Chefs and fishermen wax poetic about the results of dry-aging fish, saying there’s more umami, tenderness, and fattiness to the seafood. There’s less fishiness to the taste as well. “It has more of a melt-in-your-mouth texture,” says Cody Requejo, the executive chef at Fiish. Whitbread notes that when they add their house-made vinegar to the fish, the meat soaks up more of the sauce due to its dehydrated nature and becomes something more uniquely flavorful than if they had just used fresh fish.
It took some time for Michael Cimarusti of two-Michelin-starred Hollywood restaurant Providence to get on board with dry-aging fish. “In the old days, the idea was to buy the freshest fish you can and serve it as quickly as you can,” says Cimarusti. “Now, with the trend of dry-aging fish, obviously, that’s all changing. I would definitely say that I’m a convert now.”
Providence now has three commercial dry-aging refrigerators, two of which are used for fish and one for meat. At his restaurant, Cimarusti serves a tartare with dry-aged tai snapper and Korean pear, and a sashimi course with dry-aged Japanese hiramasa.
While the folks running restaurants like Providence, Fiish, and Crudo e Nudo are all dry-aging in-house — each processing and utilizing the product in different ways and for myriad reasons — they all pay respect to the Joint’s Liao for propelling the popularity of the practice forward in LA. (In Australia, chef-owner Josh Niland of Saint Peter restaurant is also famous for dry-aging fish and publishing The Whole Fish Cookbook, which also covers the topic.) Liao has been selling dry-aged fish at his market since shortly after he opened in 2018, and his operation has grown so much in the wholesale department that he’s now supplying about 50 accounts throughout the United States. He has 32 doors full of hanging fish at his outpost, holding everything from Ora King salmon to bluefin tuna and branzino. Fish might hang in his refrigeration systems that are cooled to about 0.8 degrees Celsius for anywhere from four to 24 days and more.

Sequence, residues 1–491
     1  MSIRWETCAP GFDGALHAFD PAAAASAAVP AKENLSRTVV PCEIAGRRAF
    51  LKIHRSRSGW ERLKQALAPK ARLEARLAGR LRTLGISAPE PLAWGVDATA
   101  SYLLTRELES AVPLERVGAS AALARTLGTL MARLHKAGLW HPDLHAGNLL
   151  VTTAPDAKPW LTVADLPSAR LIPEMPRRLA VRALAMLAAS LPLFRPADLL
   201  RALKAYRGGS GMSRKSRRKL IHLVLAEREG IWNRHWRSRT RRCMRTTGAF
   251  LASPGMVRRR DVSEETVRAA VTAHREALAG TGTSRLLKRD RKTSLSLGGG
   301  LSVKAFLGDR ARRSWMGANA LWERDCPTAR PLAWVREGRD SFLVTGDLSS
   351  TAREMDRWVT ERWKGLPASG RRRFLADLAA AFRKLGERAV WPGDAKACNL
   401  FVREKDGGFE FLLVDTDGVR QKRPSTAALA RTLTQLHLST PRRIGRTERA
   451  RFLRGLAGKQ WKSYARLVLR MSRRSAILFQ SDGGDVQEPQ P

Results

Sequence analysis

A lifelong fisherman, Liao had experimented with dry-aging fish as early as 20 years ago and has perfected his techniques through trial and error. Requejo and Cimarusti have often asked Liao for tips on dry-aging since he has a wealth of knowledge that he’s open to sharing. Even before Requejo became the executive chef at Fiish last August, he had already been dry-aging seafood since 2016; he began tinkering with a refrigerator at home to circulate air and temperature and used salt blocks to decrease the humidity. Brian Bornemann, the chef-owner of Santa Monica’s Crudo e Nudo, first started the practice in 2017 when he was the executive chef at the now-closed Viale Dei Romani in West Hollywood. He credits a Japanese sushi chef for piquing his interest in dry-aging; he learned how to scale a fish using the Japanese sukibiki method (a gentle and swift knife technique that scales fish without bruising the flesh) and hang fish vertically in a fridge.